Hopkins v. Reeves,
Annotate this Case
524 U.S. 88 (1998)
- Syllabus |
OCTOBER TERM, 1997
HOPKINS, WARDEN v. REEVES
CERTIORARI TO THE UNITED STATES COURT OF APPEALS FOR THE EIGHTH CIRCUIT
No. 96-1693. Argued February 23, 1998-Decided June 8,1998
Respondent was indicted on two counts of felony murder under Nebraska law. The Nebraska first-degree murder statute defines felony murder as murder committed in the perpetration of certain enumerated felonies, including, as relevant here, sexual assault and attempt to commit sexual assault in the first degree. Under Nebraska law, intent to kill is conclusively presumed if the State proves intent to commit the underlying felony. A felony-murder conviction makes a defendant eligible for the death penalty, which in Nebraska is imposed judicially, not by the trial jury. The trial court refused respondent's request to instruct the jury on second-degree murder and manslaughter on the ground that the State Supreme Court consistently has held that these crimes are not lesser included offenses of felony murder. Respondent's jury then convicted him on both felony-murder counts, and a three-judge panel sentenced him to death. After exhausting his state remedies, respondent filed a federal habeas corpus petition, claiming, inter alia, that the trial court's failure to give the requested instructions was unconstitutional under Beck v. Alabama, 447 U. S. 625, in which this Court invalidated an Alabama law that prohibited lesser included offense instructions in capital cases, when lesser included offenses to the charged crime existed under state law and such instructions were generally given in noncapital cases. The District Court granted relief on an unrelated due process claim, which the Eighth Circuit rejected. However, the Eighth Circuit also held that, in failing to give the requested instructions, the trial court had committed the same constitutional error as that in Beck.
Held: Beck does not require state trial courts to instruct juries on offenses that are not lesser included offenses of the charged crime under state law. Pp. 94-10l.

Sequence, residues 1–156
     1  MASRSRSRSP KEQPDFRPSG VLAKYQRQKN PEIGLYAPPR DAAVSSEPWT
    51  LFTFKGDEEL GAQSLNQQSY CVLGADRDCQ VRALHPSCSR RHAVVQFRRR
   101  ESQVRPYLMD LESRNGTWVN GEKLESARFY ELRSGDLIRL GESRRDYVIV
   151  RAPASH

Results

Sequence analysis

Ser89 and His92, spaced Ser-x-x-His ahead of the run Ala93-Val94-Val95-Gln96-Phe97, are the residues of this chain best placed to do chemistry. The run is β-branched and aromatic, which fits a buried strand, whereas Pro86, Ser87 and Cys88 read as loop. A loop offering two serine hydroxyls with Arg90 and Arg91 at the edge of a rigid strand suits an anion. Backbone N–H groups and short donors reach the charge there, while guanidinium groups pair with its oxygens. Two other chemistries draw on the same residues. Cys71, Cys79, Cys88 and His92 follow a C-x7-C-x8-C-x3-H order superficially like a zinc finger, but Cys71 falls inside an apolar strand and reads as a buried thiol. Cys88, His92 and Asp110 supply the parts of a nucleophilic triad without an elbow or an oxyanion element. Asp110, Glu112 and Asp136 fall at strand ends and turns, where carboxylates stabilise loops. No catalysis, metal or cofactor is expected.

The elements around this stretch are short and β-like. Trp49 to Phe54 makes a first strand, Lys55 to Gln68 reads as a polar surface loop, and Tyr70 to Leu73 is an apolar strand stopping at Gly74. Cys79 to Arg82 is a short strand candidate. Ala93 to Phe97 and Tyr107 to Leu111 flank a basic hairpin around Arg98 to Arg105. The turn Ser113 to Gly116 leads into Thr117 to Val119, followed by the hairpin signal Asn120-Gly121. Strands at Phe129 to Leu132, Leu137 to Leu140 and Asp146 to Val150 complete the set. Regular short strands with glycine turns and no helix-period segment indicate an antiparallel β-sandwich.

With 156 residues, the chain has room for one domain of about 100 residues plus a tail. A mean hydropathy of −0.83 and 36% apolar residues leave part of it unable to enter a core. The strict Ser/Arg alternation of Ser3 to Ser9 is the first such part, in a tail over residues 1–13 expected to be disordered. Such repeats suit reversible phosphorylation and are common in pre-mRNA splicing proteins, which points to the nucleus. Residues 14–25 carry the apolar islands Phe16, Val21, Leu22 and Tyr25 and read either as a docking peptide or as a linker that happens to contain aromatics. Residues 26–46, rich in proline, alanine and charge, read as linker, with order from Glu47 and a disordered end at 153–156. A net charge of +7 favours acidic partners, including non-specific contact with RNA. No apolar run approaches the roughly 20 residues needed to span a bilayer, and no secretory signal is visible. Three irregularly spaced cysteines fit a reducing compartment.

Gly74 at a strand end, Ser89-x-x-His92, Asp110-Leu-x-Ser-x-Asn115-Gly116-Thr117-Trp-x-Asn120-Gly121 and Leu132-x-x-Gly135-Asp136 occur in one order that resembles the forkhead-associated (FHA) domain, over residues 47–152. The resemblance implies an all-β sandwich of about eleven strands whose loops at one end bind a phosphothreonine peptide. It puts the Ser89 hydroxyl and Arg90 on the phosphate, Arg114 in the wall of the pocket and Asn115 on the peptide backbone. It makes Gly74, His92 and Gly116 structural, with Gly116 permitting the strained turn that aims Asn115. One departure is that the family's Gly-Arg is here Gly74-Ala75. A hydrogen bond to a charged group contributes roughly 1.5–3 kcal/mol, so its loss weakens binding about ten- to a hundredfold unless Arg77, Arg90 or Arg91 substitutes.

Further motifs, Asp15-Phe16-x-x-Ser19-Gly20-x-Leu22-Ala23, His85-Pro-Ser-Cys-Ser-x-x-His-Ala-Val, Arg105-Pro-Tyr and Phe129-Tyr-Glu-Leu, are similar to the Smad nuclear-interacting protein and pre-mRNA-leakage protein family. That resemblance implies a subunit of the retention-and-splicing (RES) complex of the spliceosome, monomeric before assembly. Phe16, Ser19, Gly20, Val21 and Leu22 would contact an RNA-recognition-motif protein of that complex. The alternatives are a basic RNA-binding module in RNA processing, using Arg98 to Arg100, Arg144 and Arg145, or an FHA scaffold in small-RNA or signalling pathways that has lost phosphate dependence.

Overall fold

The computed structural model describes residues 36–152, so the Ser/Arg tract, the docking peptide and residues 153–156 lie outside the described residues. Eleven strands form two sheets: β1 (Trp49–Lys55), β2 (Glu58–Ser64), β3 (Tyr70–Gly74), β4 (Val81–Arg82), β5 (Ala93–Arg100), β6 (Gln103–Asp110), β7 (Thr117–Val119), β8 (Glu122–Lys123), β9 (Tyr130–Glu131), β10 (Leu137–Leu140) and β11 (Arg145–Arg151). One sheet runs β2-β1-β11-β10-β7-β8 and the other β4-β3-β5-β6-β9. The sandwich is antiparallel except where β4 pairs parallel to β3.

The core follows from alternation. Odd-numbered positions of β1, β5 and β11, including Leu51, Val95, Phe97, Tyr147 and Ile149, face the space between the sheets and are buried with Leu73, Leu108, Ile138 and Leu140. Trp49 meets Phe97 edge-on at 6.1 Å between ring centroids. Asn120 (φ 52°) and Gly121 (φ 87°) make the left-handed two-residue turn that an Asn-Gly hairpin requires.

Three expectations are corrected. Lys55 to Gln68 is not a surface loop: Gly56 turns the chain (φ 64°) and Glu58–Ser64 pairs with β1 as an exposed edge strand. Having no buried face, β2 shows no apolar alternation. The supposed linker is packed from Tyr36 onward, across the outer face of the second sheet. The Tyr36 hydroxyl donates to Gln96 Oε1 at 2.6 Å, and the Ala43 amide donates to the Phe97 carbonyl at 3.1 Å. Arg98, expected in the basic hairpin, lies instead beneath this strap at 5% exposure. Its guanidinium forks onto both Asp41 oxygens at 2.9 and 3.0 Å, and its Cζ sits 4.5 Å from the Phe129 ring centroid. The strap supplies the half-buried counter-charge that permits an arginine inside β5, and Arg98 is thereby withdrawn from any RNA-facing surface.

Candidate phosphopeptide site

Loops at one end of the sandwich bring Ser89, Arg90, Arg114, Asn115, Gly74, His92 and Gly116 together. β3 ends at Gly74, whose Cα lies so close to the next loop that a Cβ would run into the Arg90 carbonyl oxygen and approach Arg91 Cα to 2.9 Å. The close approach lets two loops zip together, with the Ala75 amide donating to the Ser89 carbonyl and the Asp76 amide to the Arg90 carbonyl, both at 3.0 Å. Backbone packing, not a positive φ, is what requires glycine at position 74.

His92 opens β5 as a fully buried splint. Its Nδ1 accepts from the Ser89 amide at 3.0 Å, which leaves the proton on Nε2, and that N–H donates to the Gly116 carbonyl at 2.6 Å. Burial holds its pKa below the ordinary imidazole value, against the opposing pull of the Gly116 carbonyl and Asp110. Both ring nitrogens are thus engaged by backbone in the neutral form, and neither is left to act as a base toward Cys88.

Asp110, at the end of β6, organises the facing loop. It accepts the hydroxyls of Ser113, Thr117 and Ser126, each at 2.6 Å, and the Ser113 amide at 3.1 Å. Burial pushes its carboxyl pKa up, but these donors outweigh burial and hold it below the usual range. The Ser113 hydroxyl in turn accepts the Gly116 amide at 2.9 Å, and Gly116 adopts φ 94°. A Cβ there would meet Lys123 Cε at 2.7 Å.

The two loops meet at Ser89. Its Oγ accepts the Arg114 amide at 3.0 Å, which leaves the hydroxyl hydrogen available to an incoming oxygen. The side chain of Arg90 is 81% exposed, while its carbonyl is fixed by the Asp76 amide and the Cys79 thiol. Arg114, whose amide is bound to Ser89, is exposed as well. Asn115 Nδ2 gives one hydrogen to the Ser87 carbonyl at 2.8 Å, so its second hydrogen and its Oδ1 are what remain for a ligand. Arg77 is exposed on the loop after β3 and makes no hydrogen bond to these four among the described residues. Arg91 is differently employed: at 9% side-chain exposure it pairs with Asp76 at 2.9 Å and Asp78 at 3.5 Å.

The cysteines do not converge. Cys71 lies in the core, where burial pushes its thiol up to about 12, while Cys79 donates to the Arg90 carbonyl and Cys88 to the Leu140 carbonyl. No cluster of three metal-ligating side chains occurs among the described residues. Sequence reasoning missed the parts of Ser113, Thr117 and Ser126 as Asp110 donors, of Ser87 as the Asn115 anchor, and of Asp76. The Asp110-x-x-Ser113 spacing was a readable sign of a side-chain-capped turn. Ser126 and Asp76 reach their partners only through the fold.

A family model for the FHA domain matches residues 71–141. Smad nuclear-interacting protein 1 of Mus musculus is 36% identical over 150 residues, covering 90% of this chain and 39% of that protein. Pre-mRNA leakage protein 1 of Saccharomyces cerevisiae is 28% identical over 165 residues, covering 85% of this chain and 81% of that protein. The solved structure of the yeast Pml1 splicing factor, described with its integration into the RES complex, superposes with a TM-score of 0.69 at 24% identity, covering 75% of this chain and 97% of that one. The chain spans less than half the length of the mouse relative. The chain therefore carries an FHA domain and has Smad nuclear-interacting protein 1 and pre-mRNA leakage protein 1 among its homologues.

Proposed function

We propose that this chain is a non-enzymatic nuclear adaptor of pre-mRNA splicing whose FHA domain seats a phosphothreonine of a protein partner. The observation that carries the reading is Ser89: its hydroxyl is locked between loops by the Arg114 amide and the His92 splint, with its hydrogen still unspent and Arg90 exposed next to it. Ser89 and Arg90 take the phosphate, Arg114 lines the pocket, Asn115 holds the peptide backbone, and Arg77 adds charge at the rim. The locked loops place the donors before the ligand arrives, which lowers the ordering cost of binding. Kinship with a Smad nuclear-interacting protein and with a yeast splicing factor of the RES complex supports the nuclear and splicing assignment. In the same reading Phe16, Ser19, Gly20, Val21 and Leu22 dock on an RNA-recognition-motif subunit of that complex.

(a) Beck is distinguishable from this case in two critical respects: The Alabama statute prohibited instructions on offenses that state law clearly recognized as lesser included offenses of the charged crime, and it did so only in capital cases. Alabama thus erected an artificial barrier that restricted its juries to a choice between conviction for a capital offense and acquittal. By contrast, when the Nebraska trial court declined to give the requested instructions, it merely followed the State Supreme Court's 100-year-old rule that second-degree murder and man-
slaughter are not lesser included offenses of felony murder. The trial court neither created an artificial barrier for the jury nor treated capital and non capital cases differently. By ignoring these distinctions, the Eighth Circuit limited the State's prerogative to structure its criminal law more severely than does the rule in Beck, for it required in effect that States create lesser included offenses to all capital crimes when no such offense exists under state law. Pp. 94-97.
(b) The Eighth Circuit again overlooked significant distinctions between this case and Beck when it found that there was a distortion of the factfinding process because respondent's jury had been forced into an all-or-nothing choice between capital murder and innocence. The fact that Beck's jury was told that if it convicted him of the charged offense it must impose the death penalty threatened to make the issue at trial whether he should be executed or not, and not whether he was guilty beyond a reasonable doubt. The distortion of the trial process carried over to sentencing because an Alabama jury unwilling to acquit had no choice but to impose death. These factors are not present here. Respondent's jury did not impose sentence, and the sentencing panel's alternative to death was not setting respondent free, but rather sentencing him to life imprisonment. Moreover, respondent's proposed instructions would have introduced another kind of distortion at trial, for they would have allowed the jury to find beyond a reasonable doubt elements that the State, having assumed the obligation of proving only one crime, had not attempted to prove and indeed had ignored during trial. Pp. 98-99.
(c) The requirement of Tison v. Arizona, 481 U. S. 137, and Enmund v. Florida, 458 U. S. 782, that a culpable mental state with respect to the killing be proved before the death penalty may be imposed for felony murder does not affect the showing that a State must make at a defendant's felony-murder trial, so long as the requirement is satisfied at some point thereafter, such as at sentencing or on appeal. Cabana v. Bullock, 474 U. S. 376, 385, 392. As such, these cases cannot override state-law determinations of when instructions on lesser included offenses are permissible and when they are not. Respondent's argument that the Nebraska Supreme Court's longstanding interpretation that felony murder has no lesser included homicide offenses is arbitrary is without merit. That contention is certainly strained with respect to the crime of second-degree murder, which requires proof of intent to kill, while felony murder does not; respondent did not present such a challenge with respect to manslaughter to the Nebraska Supreme Court, and therefore that claim is not considered here. Pp. 99-101.
102 F.3d 977, reversed.